Compared to his late works, which are always complicated, Chopin’s second concerto is more like a direct expression of the characters and emotions of a young man, Gong said. Gong is looking forward to showing the romantic and classical sides of Chopin, and exploring his music more deeply with the orchestra.

“It’s difficult to capture the essence of Chopin’s music, to express his music in a genuine way, and I’m still on my way trying to do that, trying to get closer to his heart and feel what he felt,” Gong said. “I’m excited and really looking forward to collaborating with Professor Sans and our excellent orchestra. From my perspective, this concerto contains a lot of intimacy as well as magnificence, so it would be challenging to cooperate well and accomplish all these elements with a large orchestra.”

Assistant Professor of Clarinet Alicia Lee releases Conversations With Myself, a collection of works for solo clarinet with and without electronics, chronicling a year of artistic activity in isolation.

Works by Pierre Boulez, Dai Fujikura, Isang Yun, Unsuk Chin, and Hideaki Aomori make for a program that highlights music by composers of Asian descent and Boulez’ iconic work exploring the dichotomy between live performance and pre-recorded material.

Releases January 28, 2022

DMA student Kyle Sackett (Voice Performance) was recently nominated as an ensemble member with The Crossing for a GRAMMY award in the category of Best Choral Performance. Learn about the compilation album here.

What has your involvement been with The Crossing?

KS: I have been singing with The Crossing since 2015. It was during my master’s program that I met and sang for the conductor of The Crossing, Donald Nally, who also leads the Northwestern University choirs. I had long admired the mission of The Crossing and the level of choral music they were putting out into the world. I hoped an opportunity would present itself to sing with them, and eventually it did. In the years that followed, I joined them for a few concerts and recordings each year before becoming a regular member of the ensemble, for which I feel incredibly lucky. Each time we get together the work is the most meaningful and impactful music making I can imagine.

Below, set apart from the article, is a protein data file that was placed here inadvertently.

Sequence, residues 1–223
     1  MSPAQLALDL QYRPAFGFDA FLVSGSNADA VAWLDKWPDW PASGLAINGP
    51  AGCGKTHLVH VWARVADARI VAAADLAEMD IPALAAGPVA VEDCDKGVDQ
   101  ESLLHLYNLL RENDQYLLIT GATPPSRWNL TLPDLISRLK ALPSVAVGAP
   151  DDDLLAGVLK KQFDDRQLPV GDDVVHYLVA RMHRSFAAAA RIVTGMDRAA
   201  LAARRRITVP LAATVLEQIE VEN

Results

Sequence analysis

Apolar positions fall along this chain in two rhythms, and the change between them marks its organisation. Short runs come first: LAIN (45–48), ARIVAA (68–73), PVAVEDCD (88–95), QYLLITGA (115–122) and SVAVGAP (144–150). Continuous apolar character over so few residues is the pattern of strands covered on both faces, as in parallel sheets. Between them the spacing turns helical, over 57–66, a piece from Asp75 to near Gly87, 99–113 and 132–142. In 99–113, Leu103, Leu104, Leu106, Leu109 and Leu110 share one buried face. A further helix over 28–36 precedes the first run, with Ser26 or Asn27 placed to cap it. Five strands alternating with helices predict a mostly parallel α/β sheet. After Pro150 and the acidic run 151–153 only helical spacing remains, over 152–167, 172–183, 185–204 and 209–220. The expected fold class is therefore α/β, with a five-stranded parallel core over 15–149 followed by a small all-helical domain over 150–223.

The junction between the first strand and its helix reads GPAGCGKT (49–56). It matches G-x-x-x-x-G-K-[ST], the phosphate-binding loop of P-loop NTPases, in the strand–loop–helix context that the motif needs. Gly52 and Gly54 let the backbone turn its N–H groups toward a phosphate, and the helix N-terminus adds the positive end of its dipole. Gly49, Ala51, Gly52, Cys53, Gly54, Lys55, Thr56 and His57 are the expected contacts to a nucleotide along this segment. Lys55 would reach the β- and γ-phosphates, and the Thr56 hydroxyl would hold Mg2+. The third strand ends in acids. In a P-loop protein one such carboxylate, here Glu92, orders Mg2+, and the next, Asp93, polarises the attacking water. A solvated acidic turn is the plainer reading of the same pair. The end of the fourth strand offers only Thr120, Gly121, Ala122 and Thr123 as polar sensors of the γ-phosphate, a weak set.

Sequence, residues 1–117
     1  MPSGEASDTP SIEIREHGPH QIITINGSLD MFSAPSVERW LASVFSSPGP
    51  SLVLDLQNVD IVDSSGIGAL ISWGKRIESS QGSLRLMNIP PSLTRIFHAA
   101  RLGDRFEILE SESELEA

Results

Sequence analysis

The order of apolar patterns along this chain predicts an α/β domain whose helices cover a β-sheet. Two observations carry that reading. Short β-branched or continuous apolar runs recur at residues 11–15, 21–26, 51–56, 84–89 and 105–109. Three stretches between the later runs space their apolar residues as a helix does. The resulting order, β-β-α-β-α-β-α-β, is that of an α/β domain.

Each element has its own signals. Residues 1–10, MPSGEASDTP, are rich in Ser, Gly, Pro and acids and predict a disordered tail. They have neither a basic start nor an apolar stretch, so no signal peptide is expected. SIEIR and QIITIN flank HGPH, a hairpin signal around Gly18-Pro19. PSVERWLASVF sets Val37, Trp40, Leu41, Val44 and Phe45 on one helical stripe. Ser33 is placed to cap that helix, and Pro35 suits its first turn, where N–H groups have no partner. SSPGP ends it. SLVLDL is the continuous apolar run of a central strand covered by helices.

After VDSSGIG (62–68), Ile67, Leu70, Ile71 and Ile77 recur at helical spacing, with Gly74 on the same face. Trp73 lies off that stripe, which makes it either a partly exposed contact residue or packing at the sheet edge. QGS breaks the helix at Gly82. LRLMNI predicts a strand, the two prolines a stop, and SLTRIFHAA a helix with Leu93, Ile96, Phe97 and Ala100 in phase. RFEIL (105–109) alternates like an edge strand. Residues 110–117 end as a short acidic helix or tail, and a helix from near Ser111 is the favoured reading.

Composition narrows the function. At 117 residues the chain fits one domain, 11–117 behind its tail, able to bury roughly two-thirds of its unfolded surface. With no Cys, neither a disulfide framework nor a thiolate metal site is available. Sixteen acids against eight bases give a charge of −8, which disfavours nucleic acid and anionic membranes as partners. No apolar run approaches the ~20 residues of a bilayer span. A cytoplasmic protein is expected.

What does the Grammy nomination mean for you personally?

KS: The nomination, while a great honor, does not mean a great deal to me individually. We are an ensemble, so my individual efforts to help get to this point are merely a contribution to the greater whole. Still, I appreciate how friends and family seem to perk up when they hear that I sing with a GRAMMY-winning choir! And it is special to be a part of that recognition by our colleagues in the recording academy.

What does the nomination mean for the group?

KS: The group has been on a bit of a role with these nominations (seven nominations in six consecutive years), and I like to think it speaks to the level of passion and dedication Donald Nally and the whole team put behind our work. While I have not been a contributor to each of the individual albums that have been nominated and won over the last six years, it is exciting to know that people are listening. Choral music—particularly music such as ours, which is always newly commissioned, often risk-taking, and strong in its social commentary—does not always receive the global recognition I wish it would. These nominations illuminate the work we are doing and care so much about. I’ll also add that it is thrilling to see the construction of the choral category this year, with several American chamber choirs being represented. It feels like we are entering a choral “golden age” in this country!

Any watch party plans?

KS: I imagine we will do a Zoom call of some kind to watch the ceremony. In years past, we have often been in a rehearsal or performance together during the GRAMMY ceremony, so we miss the live announcement! Hopefully that won’t be the case this year.

The Mead Witter School of Music Distinguished Alumni Award Committee has selected Paul Boylan, Emeritus Professor of Music Theory and Dean Emeritus of the School of Music, Theater and Dance at the University of Michigan, as the 2021 recipient of the Distinguished Alumni Award.

Boylan graduated from the School of Music with a bachelor’s degree in piano performance in 1961, and a master’s degree in music theory in 1962. He subsequently completed a Ph.D. in 1968 at the University of Michigan in historical musicology with a dissertation on the songs of Hugo Wolf. Boylan then joined the U-M faculty in 1969 as an assistant professor and continued to serve that institution with considerable distinction until his retirement.